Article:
Two Papal Brothers: Celebrating a unique moment in church history
The image is memorable: Two popes enter the chapel of Castel Gandolfo. Pope Benedict looking considerably older, weaker and more frail than when we last saw him flying by helicopter from the Vatican to the pope's official summer residence.
I would like to take you to that chapel now and ask you to picture in your mind’s eye the layout of the furniture there. It was very clear that one distinctive large white chair was meant for our new Holy Father, Pope Francis. Pope Emeritus Benedict XVI was determined that his successor, recently elected, should occupy that seat; Pope Francis was equally determined not to do so. Benedict did his best to almost run after Francis and actually pull him back to take up his rightful seat. A recording of their comments allows us to hear very firm words from the new pope that seemed like: “No, we are brothers. We kneel and pray together.” They knelt on the same kneeler, two papal brothers side by side praying together for the church they love so much. There was not a whiff of rivalry. On the contrary, everything was as it should be. Our Holy Father wanted to send a crystal clear message to the world that he desired parity with his predecessor as far as that was humanly or ecclesiastically possible.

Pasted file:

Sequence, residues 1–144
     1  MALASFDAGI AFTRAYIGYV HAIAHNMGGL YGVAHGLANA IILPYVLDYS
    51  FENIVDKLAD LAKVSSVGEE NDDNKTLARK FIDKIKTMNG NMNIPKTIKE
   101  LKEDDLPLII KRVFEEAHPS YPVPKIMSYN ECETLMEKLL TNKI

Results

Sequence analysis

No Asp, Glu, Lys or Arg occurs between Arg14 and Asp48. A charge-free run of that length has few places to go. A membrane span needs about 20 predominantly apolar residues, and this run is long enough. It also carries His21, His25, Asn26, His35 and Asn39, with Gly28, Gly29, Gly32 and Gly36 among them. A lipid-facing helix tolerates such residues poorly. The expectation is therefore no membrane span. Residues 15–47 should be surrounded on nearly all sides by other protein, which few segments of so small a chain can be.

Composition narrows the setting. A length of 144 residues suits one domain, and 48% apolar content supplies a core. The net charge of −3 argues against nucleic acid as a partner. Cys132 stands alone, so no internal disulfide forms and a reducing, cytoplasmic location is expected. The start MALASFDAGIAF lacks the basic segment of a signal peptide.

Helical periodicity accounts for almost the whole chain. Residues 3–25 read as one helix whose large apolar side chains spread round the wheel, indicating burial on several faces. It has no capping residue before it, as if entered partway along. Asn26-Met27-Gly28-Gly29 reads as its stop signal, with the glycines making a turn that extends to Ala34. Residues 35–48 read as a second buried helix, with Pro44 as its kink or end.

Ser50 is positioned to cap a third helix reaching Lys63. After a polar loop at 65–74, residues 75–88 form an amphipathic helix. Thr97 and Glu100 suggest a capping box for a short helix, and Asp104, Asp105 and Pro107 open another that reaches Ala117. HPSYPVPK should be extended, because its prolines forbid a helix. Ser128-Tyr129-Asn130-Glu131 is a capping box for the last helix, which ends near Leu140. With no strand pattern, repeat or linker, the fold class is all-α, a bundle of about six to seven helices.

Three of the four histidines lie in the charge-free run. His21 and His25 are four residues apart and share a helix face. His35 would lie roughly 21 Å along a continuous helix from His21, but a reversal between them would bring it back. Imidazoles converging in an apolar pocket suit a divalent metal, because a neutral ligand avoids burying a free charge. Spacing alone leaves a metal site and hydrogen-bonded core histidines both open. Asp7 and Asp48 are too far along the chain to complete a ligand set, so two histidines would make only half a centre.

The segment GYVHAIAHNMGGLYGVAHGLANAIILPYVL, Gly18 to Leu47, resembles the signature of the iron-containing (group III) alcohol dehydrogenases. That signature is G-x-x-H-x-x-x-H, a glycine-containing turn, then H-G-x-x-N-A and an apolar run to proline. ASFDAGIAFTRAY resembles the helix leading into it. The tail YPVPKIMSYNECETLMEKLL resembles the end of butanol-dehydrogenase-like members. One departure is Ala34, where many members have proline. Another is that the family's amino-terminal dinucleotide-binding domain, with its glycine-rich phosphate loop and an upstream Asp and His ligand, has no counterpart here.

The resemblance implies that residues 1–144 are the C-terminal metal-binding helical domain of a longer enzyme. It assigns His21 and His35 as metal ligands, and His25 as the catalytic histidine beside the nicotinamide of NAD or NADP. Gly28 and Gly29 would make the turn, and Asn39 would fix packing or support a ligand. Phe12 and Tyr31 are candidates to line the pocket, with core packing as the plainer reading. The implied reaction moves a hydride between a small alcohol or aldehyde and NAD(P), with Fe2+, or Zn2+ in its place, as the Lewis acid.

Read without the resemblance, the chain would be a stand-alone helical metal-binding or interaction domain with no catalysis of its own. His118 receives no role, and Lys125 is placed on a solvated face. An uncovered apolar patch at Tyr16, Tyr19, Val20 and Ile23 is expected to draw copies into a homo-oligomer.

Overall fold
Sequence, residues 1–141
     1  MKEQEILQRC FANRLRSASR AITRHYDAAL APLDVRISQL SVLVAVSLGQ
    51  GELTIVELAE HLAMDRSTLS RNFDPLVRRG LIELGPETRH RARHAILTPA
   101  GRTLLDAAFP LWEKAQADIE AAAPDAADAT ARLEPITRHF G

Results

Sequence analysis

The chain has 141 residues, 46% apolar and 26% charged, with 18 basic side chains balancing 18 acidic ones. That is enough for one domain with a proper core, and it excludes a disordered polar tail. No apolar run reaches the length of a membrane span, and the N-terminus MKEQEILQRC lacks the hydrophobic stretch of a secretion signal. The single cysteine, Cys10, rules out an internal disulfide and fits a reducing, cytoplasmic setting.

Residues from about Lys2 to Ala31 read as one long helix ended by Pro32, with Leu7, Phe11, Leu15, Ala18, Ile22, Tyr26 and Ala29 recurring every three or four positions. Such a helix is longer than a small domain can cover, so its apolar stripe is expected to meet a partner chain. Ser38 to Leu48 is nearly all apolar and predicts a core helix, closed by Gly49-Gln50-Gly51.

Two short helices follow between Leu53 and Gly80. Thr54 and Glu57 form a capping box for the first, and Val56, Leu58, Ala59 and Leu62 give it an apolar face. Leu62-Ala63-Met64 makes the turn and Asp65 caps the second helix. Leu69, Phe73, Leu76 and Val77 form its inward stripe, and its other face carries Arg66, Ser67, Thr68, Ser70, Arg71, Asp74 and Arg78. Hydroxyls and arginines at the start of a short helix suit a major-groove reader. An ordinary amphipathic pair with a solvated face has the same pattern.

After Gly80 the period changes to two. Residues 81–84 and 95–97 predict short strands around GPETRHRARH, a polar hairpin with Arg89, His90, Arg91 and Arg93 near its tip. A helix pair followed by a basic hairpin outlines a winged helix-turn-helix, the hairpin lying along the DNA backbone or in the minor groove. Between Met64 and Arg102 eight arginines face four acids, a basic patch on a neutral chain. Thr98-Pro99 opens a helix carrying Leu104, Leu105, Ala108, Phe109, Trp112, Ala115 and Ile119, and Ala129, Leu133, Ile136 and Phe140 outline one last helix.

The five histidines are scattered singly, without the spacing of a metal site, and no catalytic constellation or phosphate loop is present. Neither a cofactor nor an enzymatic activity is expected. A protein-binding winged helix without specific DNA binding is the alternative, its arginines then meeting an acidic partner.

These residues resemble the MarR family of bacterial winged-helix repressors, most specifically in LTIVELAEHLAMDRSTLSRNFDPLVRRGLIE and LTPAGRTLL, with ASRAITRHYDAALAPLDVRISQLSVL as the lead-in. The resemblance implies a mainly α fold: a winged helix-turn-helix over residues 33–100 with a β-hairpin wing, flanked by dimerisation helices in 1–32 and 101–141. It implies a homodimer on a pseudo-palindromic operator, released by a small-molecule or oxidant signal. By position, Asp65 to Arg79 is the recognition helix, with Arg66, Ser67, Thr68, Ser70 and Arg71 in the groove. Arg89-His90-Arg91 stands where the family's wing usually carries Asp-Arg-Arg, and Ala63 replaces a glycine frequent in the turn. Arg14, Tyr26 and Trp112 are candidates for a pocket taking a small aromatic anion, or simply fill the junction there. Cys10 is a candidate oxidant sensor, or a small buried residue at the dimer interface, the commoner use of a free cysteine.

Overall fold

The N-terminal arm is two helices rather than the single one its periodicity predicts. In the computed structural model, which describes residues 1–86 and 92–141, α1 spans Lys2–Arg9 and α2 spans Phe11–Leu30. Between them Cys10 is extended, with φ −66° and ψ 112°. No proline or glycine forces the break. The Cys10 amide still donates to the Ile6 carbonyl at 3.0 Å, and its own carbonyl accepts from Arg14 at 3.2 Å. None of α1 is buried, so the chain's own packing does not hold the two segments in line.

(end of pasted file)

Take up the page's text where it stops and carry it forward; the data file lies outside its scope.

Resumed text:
Pope Francis is a master of captivating visual images. One only has to think back to the evening of March 13 when he stepped out on to the balcony, slightly overwhelmed by the huge throng wanting to welcome their newly elected bishop. “Buona sera” was enough to captivate those in the square and every right-minded person throughout the world. We then heard him relate that the cardinals tasked with choosing a new Bishop of Rome had gone virtually to the ends of the earth to find him. And then, in that matter of fact way, he said: “Well, here we are!”
As if all that was not enough, he bowed before the People of God and asked them to pray for him (a favorite theme of his) before imparting his first apostolic blessing. Given the chance, public relations consultants would have been lining up to sign up this savvy pastor who knew very well how to communicate ‘heart unto heart’ in true Newman-esque style.
But let's return to Castel Gandolfo. What image did Pope Francis want to convey? Precisely that he was not going to overwhelm his predecessor; far from it, he wanted to honor him. He wanted to emphasize not only the fraternity of the priesthood but also the fraternity of the papacy. Historians will pore over this moment because there are no roadmaps for such an event; it has been 600 years since anything like this could have occurred.
Like so many others, I must confess that I wondered about the wisdom of a pope emeritus taking up residence within the Vatican grounds. Not for the first time, when I was working as his master of ceremonies, Cardinal Basil Hume would have put me in my place by saying: “You will soon cease to wonder!” How right he would have been as we now see that providence has played a part.